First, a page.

Decades of GM engineering studies and years of development on behalf of the current Corvette team have finally led to this moment, the unveiling of the first production Corvette with a rear-mid-engine layout. We’ll spare you the history lesson and trivia—except for mentioning that this is the first mid-engine car from General Motors since the Pontiac Fiero. First impression—this one is definitely faster. Here are the details you’ve been waiting for.
Corvette chief engineer Tadge Juechter proudly proclaimed that this is the first Corvette to use a mid-engine layout, given the clear limitations GM was coming up against with the outgoing front-engine, rear-drive design. But for all the changes to the C8, he made a point of the car’s naturally aspirated small-block V-8.
The 2020 Corvette Stingray will debut with a 6.2-liter V-8 engine—codenamed LT2— that produces 495 horsepower and 470 lb-ft of torque. It should look and sound familiar to you, because it’s simply the next evolution of the Gen-V small-block that we all love, although GM claims that basically the only things that carry over are the engine block and cylinder heads. Output is up from the C7 Stingray’s 455 horsepower and 460 lb-ft of torque, although the available figures refer to the C8 with the Z51 package’s performance exhaust. Standard power and torque figures with the base exhaust are unknown. Credit the boost in power over the LT1 to improved airflow afforded by the rear mounting, a more aggressive camshaft with increased duration to move the torque band higher, and some beautiful tubular exhaust manifolds.
Small-block program manager Jordan Lee reminded us of the benefits of the C8s packaging. “The inlet restriction is lower, exhaust backpressure is lower, and the lube system really helps because we have less oil in the system.” All LT2 engines benefit from dry sump oiling and this is the small-block’s first application of lifter valley oil scavenging. Keeping oil where it’s needed and away from where it’s not keeps the cam and crank from whipping around in the oil and reduces aeration, allowing the Stingray's small-block to remain lubricated through demanding track sessions.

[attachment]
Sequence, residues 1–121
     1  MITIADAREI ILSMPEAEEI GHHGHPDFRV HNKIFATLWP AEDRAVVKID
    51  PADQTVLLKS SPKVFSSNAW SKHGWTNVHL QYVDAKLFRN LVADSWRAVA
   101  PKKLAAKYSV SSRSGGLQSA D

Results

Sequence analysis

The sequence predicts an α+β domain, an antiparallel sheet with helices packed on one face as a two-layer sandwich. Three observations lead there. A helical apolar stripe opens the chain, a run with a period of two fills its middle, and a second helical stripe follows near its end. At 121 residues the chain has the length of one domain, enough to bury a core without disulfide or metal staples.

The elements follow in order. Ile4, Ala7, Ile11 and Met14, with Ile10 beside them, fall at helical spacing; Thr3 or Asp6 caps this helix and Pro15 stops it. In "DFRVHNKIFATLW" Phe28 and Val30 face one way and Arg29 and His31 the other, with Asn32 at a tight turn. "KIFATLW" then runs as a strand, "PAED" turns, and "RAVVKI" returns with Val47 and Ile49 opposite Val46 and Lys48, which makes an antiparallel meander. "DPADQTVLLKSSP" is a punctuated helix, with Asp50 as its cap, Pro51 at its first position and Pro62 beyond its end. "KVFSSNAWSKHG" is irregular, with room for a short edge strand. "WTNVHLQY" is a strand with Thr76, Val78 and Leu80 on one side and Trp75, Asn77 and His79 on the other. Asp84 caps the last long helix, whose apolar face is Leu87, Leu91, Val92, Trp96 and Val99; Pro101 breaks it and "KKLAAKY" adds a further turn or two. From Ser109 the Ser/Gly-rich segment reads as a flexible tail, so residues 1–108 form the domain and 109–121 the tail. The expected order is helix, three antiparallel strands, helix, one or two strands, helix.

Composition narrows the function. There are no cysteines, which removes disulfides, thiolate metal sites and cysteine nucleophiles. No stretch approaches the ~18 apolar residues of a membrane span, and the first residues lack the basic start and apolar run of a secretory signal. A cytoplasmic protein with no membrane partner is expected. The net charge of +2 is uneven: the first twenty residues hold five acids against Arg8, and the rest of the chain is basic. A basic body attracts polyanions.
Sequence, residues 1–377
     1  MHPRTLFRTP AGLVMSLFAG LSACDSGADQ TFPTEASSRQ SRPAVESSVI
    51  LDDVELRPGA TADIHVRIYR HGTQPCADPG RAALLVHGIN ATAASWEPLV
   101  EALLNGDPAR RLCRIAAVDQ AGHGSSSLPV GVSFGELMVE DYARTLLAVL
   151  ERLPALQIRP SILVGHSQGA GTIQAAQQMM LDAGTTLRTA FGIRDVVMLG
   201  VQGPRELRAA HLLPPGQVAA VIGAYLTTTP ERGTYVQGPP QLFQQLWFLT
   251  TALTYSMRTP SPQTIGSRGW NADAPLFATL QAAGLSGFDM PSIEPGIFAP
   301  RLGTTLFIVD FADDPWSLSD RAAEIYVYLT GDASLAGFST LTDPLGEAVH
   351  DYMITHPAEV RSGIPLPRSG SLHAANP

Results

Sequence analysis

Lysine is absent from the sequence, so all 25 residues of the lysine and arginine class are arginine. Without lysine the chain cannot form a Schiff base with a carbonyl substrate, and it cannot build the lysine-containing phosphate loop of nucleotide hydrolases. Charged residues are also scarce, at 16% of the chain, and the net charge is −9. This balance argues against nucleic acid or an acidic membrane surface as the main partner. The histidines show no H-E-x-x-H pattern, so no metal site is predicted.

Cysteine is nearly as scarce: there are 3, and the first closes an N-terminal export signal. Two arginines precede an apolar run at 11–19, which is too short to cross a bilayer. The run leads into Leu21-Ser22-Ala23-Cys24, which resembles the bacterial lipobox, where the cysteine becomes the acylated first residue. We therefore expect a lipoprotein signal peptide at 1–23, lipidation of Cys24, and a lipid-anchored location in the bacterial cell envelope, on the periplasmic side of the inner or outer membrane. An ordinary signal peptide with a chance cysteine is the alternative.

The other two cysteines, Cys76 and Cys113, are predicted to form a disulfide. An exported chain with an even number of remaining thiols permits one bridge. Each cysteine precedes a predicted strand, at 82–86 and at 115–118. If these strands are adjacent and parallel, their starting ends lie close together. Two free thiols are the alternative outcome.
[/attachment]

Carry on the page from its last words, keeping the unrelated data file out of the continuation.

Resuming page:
The engine’s power, as speculated, will be handled by a Tremec eight-speed dual-clutch. Unlike the C5 and C6, which used a transmission bolted to a differential, the C8’s Tremec unit is a true transaxle, enabling the powertrain to fit in the small confines of the C8’s engine bay. The first gear will be essentially just for launches, which helps explain the C8’s bonkers 2.95-second 0-60-mph sprint. Gears 2 through 6 are what you’ll use on the track and on twisty roads, while 7 and 8 are for cruising.
Earlier spy photos weren’t able to hide a whole lot of the 2020 Stingray’s shapely new style. Large side scoops feeding air to the engine are not interrupted by the door cut line, where the Stingray’s door handles are cleverly hidden. Airflow to the intake flows through the top third, while the bottom two-thirds is used to pull air into the engine bay to promote cooling. Twin radiators are mounted up front behind the outboard grille openings.
Recent leaks showing the C8’s tail panel were dead on, and the sixth-generation Camaro resemblance is notable. Taillight shapes are a major point of contention with 'Vette lovers, and the C7’s departure from quad ovals caused a bit of a kerfuffle, although anyone who remembers early second-generation Camaros knows that Chevrolet’s sporty cars have shared taillight cues in the past.